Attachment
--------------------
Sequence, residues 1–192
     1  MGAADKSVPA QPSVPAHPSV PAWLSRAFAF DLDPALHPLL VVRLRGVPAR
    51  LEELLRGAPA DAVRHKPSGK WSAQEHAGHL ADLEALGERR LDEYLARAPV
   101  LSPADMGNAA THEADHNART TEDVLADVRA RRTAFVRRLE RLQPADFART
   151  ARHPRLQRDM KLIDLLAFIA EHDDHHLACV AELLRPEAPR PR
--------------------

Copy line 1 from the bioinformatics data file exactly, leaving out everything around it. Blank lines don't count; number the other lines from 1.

Sequence, residues 1–192